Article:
Though it's a popular required text in US high schools, I promise Into the Wild is worth revisiting post–AP Lit in the context of postgrad life. Within the first ten minutes, it flips adulting on its head and tells the story of surviving. Based on Jon Krakauer’s non–fiction book of the same name, the movie chronicles the life of free spirit Chris McCandless. The film opens with Chris, played by Emile Hirsch, at his Emory graduation. To his parents' dismay, McCandless decides to leave behind the promise of a reputable job. Burning his social security card and driver's license, he travels across the country with the ultimate goal of reaching rural Alaska. The movie begs the question of what should be sacrificed for a dream, and who is worth keeping in your adult life.
While it basically functions as a playbook for the manic pixie dream girl trope, (500) Days of Summer earns its place on this list. As long as you can overlook the lack of depth of the female love interest, the movie is a poignant depiction of young professional love. The movie follows Joseph Gordon–Levitt’s Tom, a white–bread greeting card designer and self–described “perfectly adequate handsome” guy. He falls head over heels for Zooey Deschanel’s commitment–weary Summer. When she rejects him after 500 days, ahem, the title, he makes it his mission to retrace their relationship. The movie captures the struggles of pursuing a dream career, and the sometimes magical, sometimes doldrum moments of young adult love–and how it feels to overanalyze them.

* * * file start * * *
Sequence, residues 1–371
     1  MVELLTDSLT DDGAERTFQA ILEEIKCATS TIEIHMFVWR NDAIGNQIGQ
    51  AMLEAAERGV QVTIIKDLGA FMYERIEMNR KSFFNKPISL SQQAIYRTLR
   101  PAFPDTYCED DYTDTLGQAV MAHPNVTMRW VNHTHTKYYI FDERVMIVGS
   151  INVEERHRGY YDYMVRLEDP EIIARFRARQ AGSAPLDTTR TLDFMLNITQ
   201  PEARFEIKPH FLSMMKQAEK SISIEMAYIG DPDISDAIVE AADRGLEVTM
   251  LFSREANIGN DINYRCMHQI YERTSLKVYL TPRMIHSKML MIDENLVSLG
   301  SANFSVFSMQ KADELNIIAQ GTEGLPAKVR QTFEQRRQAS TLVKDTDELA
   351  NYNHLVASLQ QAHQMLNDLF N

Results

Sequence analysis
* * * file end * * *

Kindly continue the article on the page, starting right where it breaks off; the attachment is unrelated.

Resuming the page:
This groundbreaking romantic comedy is perhaps “the” adulting movie. Based on the 1963 novel of the same name, it stars Dustin Hoffman as Benjamin Braddock, a recent college graduate who returns to his family’s Los Angeles home, unsure of what he wants to do with his life. His uncertainty is heightened by the suggestions from well meaning (and–well–to–do) adults in his life. He begins an affair with a married woman, Mrs. Robinson, spending his days at his parents' pool and his nights with her. But things go awry when he violates Mrs. Robinson’s only demand: that he not date her daughter. This movie has all of the hallmarks of a romantic comedy: enemies to lovers, grand declarations of love, and an interrupted wedding. But the movie is more than that. With a satirical bite, it lampoons young adult yearning and the unnecessary pressure on graduates to determine their life courses. With playful cinematography and a killer soundtrack by Simon and Garfunkel, The Graduate is a delight to experience, despite Benjamin’s icky advances. Whether you find Benjamin to be an insufferable creep, or a little too relatable, you need to watch this movie.